The vast majority of people living in areas prone to wildfires know they face risk, but they tend to underestimate that risk compared with wildfire professionals.
At the same time, they tend to over-estimate the importance of specific risk factors beyond their control - such as the composition of vegetation on their property - while giving less heed to those they can mitigate, such as replacing combustible siding with more fire-resistant materials.
Those are key findings of researchers from the University of Colorado Boulder, the U.S. Forest Service Rocky Mountain Research Station, the U.S. Bureau of Land Management and the West Region Wildfire Council. The team’s findings, published in the journal Risk Analysis in June, are based on surveys of nearly 300 residents of Log Hill Village in southwestern Colorado’s Ouray County in 2012.
“A lot of natural hazards research finds that people tend to overweight things they have pretty limited control over. But they are downplaying the risk of things they can do something about, such as creating a ‘defensible space’ and what kind of siding they have,” said James Meldrum, the study's lead author and a research associate in the environment and society program at the university’s Institute of Behavioral Science.
But identifying such gaps in perception may be able to help wildfire professionals better communicate risks and design incentives to get homeowners to better protect their properties.
“The reality is that there is not enough (wildfire) suppression to go around to protect every house that is out there,” said Meldrum.
Overall, 93 percent of respondents answered “yes” when asked, “Are you concerned about wildfire risk affecting your current residence?”
But expert and residential opinion differed significantly.
While 50 percent of residents rated their properties as being at “moderate risk,” professionals rated 65 percent as being at “high risk.” Fifty-three percent underrated their wildfire risk relative to the professionals, and 18 percent overrated risk.
Digging deeper, researchers gauged residents’ perception of specific risks in 10 categories, including risk from vegetation type on the property, the type of materials used for roofing, and questions regarding accessibility to firefighting teams and equipment, such as the visibility of the address number.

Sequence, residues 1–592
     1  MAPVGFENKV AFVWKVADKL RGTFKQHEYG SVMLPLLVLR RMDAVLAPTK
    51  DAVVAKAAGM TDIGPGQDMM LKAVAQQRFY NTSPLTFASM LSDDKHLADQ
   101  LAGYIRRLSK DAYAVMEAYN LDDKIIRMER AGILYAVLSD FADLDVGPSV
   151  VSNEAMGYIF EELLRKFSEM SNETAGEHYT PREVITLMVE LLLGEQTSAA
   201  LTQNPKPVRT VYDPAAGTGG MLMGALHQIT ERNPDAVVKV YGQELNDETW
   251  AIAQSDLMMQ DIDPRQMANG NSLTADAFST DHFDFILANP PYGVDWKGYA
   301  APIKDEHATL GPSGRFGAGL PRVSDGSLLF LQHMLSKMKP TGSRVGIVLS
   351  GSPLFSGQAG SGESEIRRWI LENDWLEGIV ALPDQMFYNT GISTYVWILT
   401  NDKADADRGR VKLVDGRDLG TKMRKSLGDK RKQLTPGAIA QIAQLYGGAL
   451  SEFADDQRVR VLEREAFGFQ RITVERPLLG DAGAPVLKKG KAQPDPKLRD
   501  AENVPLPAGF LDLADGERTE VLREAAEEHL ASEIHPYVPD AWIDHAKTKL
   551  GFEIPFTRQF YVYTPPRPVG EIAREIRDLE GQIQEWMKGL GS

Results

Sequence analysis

Residents’ perception of risk was less than that assessed by professionals for five attributes — address visibility, deck type, siding type, distance to hazardous vegetation and distance to other combustible hazards (such as propane tanks).
The professionals and residents rated risk roughly the same for number of roads accessing a property and distance to problematic topography, such as a steep canyon or ridge, and roof type.
In two categories, vegetation type and driveway width, residents reported higher risk perception than the professionals.
Paradoxically, residents tended to fret more about things they couldn’t change, such as the vegetation profile, than those they could, such as rebuilding a deck or cutting down trees near their homes.
“A lot of people do see the costs of being able to do the work themselves, and that stops them from doing it,” Meldrum said. “They might want to, but when push comes to shove, they don’t necessarily do it.”
He said the good news is that financial incentives offered by communities or governments have been fairly effective at persuading people to take action to protect their properties.
“So we can recognize these gaps for what they are and put money toward programs to help push people into taking action,” he said.
That’s the idea behind Fire Adapted Communities, a coalition of government, business and nonprofit entities “committed to helping people and communities in the wildland-urban interface adapt to living with wildfire and reduce their risk for damage, without compromising firefighter or civilian safety.”
That campaign recognizes that wildfire is a natural part of many landscapes, and that the emphasis on suppression that held sway for most of the 20th century in the United States unintentionally resulted in fuel buildups that led to more catastrophic fires.
“The idea that fire does belong on these landscapes is integral to the Fire Adapted Communities concept,” Meldrum said. “This is a big, top-down effort to get communities to recognize this, to take responsibility for the fact that they live in these places, and not be dependent on suppression. We want you to be OK if suppression can’t reach you.”
Collaborating researchers on the study are Hannah Brenkert-Smith, also of IBS; Patricia A. Champ and Travis Warziniack at the U.S. Forest Service’s Rocky Mountain Research Station; Christopher M. Barth of the Bureau of Land Management; and Lilia C. Falk at the West Region Wildfire Council.
The U.S. Interagency National Fire Plan funded the research.
James Meldrum, email@example.com
Clint Talbott, communications, College of Arts and Sciences, 303-492-6111
Julie Poppen, CU-Boulder media relations, 303-492-4007